Here’s something I’ve learned about writing: I don’t know anything about writing. When I first started writing, I always assumed there’d be some endpoint where everything was different and I was different and writing was different and I was famous and wrote because I was famous and wanted to keep churning out important books. Now, after having struggled with writing and publishing, after coming to understand nothing about writing but a whole helluva lot about rejection and how it effects me and how I write, I’m come to care less about publication than ever before. I’m not saying I don’t want to see a book of mine published, but for the sake of being an artist, I can’t spend too much time thinking about it. Of course, I will, and it will disturb the creative process, but I’m doing my best to move onward ever further into my work and worry less and less about who sees it. Every single second I attempt to interest someone in my manuscripts or my stories is another moment I can’t get back, another moment I can’t be creative. For instance, I’ve finished the draft of Apocalypse Nation, and I’m trying to interest some agents in the work, but it’s way in the back of my mind, all the way behind the really important things–family, work, community, yoga. Although i’ve been putting in the footwork, researching agents, sending out queries, etc, it isn’t ruling me the way similar quests have in the past. In fact, I’ve already started a new novel. I’m hoping to put in a thousand words a day, five days a week, give or take, and have a draft finished by the end of spring. Then, continuing on my quest to live the creative, literary life, I’m going to revise that sucker all summer. Right now, the new novel has no title, but it seems to be about Napoleon Bonaparte and the after life. My narrator is M. Bonaparte’s attendant. I have no idea what will come of all this. I hope that the next few rejections don’t send me into a tailspin they way they have in the past, divert me from the work, but I do know that for better or worse, I don’t seem to be able to stop writing, so I have to find a way to live with all of it, good and bad, and allow myself the pleasure of wrestling with my doubt as I work toward each new page.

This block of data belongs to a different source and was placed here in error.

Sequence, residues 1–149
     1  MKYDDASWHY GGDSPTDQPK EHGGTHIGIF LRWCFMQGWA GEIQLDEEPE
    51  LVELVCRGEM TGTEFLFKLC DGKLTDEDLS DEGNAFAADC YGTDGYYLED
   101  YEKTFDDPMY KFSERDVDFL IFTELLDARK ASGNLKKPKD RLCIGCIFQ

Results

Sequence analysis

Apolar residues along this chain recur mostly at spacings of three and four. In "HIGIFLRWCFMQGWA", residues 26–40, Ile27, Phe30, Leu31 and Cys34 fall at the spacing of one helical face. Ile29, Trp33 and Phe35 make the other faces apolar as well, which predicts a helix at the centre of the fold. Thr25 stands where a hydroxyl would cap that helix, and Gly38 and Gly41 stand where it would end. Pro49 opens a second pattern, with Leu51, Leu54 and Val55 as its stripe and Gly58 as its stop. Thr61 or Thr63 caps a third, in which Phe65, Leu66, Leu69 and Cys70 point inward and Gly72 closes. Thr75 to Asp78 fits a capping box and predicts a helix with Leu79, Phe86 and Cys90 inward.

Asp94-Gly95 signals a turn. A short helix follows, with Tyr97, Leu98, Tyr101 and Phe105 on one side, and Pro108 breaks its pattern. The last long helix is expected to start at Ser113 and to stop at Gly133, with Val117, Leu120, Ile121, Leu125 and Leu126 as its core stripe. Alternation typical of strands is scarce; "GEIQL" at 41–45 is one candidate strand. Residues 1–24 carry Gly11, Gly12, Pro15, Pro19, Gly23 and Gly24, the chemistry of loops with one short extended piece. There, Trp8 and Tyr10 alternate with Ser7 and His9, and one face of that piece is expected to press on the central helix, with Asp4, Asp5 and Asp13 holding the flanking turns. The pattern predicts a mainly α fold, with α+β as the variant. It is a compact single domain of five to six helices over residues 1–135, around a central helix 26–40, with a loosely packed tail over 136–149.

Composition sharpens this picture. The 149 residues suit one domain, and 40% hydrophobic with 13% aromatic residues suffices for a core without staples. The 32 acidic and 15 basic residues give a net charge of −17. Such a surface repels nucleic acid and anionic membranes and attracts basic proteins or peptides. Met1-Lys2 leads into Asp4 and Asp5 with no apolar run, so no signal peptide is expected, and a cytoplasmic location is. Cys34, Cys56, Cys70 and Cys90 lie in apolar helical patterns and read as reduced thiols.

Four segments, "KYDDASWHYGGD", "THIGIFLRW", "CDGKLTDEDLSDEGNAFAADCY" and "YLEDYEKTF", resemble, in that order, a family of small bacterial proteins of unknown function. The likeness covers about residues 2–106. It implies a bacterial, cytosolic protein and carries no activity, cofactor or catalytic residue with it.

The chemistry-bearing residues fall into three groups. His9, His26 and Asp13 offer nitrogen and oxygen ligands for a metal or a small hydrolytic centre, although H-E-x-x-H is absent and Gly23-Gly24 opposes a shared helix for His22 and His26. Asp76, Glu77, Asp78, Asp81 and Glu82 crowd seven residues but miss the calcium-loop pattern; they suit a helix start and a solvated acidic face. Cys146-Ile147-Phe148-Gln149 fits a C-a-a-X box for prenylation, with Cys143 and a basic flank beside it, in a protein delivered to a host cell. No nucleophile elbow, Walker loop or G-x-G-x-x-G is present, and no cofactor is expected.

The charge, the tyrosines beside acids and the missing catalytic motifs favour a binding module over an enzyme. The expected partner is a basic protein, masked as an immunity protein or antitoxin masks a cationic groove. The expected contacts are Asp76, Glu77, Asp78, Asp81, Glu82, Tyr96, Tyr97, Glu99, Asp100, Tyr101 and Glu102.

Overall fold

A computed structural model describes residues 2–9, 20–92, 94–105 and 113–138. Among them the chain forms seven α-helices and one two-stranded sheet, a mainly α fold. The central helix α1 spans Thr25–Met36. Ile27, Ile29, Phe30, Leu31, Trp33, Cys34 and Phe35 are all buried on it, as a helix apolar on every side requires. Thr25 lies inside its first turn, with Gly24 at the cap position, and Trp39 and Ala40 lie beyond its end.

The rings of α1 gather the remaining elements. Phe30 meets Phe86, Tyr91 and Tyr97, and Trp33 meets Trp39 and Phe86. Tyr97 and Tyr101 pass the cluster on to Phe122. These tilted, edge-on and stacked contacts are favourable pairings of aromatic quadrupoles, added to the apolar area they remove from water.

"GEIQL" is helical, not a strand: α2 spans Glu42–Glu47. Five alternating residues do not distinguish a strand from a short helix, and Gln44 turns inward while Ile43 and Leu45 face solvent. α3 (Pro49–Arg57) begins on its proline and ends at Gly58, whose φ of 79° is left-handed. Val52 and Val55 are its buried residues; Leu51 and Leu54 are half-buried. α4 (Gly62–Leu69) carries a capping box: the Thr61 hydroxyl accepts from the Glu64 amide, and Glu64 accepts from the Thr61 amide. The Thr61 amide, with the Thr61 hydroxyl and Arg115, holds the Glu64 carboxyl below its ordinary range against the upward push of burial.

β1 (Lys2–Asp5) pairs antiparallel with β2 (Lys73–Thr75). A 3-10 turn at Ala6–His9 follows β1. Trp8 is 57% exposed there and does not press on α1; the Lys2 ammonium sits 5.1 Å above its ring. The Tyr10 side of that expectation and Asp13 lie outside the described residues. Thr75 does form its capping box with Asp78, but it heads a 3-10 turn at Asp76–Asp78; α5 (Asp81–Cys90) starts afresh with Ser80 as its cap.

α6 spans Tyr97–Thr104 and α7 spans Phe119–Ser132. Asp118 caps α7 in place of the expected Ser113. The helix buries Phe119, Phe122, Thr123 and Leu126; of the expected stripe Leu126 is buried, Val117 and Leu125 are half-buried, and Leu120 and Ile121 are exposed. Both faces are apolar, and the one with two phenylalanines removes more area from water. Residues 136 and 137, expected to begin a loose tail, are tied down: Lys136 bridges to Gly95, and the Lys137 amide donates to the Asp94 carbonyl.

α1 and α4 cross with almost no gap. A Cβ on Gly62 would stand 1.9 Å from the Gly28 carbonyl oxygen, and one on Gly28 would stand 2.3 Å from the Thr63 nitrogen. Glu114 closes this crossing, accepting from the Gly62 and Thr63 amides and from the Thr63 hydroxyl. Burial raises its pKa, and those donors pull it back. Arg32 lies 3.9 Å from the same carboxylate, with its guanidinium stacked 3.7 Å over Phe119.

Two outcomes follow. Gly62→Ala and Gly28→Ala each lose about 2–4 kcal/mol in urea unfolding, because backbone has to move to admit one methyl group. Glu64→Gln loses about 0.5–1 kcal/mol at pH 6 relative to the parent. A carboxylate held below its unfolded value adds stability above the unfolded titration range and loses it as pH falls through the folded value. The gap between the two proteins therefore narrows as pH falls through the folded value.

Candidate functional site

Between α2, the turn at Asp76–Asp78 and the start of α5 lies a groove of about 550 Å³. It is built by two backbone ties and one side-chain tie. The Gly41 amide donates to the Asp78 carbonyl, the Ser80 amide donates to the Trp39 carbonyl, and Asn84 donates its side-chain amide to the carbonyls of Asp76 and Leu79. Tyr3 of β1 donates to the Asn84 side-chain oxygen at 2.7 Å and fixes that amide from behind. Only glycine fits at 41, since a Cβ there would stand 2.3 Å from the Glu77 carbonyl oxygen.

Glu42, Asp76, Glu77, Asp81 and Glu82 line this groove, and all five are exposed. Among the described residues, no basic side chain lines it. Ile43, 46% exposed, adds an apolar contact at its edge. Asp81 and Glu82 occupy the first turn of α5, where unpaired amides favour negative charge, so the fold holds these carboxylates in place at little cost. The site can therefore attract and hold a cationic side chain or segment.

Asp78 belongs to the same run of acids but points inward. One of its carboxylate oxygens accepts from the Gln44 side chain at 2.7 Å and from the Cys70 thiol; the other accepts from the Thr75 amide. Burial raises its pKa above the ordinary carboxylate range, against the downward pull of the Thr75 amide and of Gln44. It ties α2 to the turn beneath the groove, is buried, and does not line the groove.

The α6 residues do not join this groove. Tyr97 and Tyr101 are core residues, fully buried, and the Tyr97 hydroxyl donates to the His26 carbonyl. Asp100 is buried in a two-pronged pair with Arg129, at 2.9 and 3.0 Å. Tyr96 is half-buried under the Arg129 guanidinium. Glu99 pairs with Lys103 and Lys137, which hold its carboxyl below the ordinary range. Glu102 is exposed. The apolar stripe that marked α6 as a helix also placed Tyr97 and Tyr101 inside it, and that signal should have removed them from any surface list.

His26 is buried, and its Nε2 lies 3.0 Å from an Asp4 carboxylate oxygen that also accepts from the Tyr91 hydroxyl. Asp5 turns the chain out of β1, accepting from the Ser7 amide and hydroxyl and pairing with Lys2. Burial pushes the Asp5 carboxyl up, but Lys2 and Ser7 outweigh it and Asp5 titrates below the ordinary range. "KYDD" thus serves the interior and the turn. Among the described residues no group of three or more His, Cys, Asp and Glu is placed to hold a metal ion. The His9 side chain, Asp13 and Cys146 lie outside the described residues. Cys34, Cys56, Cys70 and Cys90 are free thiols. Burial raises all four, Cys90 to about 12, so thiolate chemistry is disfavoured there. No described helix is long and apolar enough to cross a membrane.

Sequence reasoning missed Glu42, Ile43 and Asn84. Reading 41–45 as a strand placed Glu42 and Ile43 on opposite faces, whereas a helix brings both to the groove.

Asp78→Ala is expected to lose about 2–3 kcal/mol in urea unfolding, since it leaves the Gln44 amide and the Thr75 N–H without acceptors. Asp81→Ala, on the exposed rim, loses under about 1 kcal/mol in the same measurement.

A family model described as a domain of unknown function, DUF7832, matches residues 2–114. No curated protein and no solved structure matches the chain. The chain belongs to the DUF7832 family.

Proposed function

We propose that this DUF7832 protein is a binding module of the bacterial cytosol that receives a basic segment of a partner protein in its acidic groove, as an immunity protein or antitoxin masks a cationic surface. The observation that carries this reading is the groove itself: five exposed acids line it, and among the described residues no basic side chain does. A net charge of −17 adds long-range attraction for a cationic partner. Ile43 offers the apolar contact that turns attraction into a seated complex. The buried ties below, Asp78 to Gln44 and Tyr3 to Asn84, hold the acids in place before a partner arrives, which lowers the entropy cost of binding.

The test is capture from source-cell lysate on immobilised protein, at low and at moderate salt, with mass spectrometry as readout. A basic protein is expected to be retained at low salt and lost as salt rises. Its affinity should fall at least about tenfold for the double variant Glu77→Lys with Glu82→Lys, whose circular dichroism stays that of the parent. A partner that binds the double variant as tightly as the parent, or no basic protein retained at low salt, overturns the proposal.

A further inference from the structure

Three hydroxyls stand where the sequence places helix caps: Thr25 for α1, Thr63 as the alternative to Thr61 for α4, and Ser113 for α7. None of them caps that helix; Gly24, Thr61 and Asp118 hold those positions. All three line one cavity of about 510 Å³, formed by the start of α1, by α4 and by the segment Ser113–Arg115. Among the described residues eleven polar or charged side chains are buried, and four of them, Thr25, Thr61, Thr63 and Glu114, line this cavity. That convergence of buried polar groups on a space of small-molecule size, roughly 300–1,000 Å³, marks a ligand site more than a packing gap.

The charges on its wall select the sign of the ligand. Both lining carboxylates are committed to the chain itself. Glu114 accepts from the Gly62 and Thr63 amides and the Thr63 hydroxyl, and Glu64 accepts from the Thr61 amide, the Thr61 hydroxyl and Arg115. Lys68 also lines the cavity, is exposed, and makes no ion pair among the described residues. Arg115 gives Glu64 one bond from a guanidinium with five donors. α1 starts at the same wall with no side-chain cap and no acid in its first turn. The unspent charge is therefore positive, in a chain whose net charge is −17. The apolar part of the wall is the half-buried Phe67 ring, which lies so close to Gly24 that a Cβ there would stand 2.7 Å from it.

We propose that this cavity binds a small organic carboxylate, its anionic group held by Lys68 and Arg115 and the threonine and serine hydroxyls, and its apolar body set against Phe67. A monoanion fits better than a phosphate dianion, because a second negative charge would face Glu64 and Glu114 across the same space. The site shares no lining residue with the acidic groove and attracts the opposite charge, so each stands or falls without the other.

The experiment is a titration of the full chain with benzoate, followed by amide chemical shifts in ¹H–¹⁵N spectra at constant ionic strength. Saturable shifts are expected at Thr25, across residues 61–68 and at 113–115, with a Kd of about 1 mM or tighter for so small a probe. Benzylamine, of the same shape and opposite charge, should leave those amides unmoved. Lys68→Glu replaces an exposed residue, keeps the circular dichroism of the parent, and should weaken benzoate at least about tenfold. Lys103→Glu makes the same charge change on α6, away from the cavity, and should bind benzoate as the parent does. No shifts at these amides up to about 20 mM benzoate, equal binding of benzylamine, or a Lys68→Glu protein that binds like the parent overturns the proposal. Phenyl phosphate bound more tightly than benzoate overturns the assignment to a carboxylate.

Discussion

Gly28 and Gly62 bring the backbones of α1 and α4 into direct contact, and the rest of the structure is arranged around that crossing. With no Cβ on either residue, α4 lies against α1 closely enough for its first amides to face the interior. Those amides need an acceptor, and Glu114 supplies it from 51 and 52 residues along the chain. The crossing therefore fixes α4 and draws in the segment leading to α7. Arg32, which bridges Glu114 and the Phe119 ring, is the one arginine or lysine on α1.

I spend a lot of time writing about doubt in my creative life. Last week I wrote that I quit writing at least once a week. Faulkner once said he didn’t know anything about inspiration because he’d never felt it. He said he’d heard of it, but never seen it. This from the man who wrote four of the greatest novels in history in a three year period (As I Lay Dying, Light in August, The Sound and the Fury and Absalom Absalom). If not inspiration, then what?
The answer: footwork.
And now that I’m done quitting writing this week, I’ve started my own footwork once again. One slow freaking word at a time.
I quit writing at least once a week.
Last week, I went to the humongoloid AWP writer’s conference in Boston. I pretty much go every year. I never know what I’m going for. I always come back ready to write, feeling good about writing, charged up.
The good feeling about writing last four days this year. Today, I sent a query letter to an agent who represents some zombie book authors. I have a zombie book to sell. In about an hour, she wrote back saying “it wasn’t her sort of book.” Right. I must have been confused when I saw that she agented several zombie/supernatural type authors. My bad. The blind search for agents is awful and deadening. I quit. Again.
Tomorrow, I’ll quit all over again. And probably the day after that, too.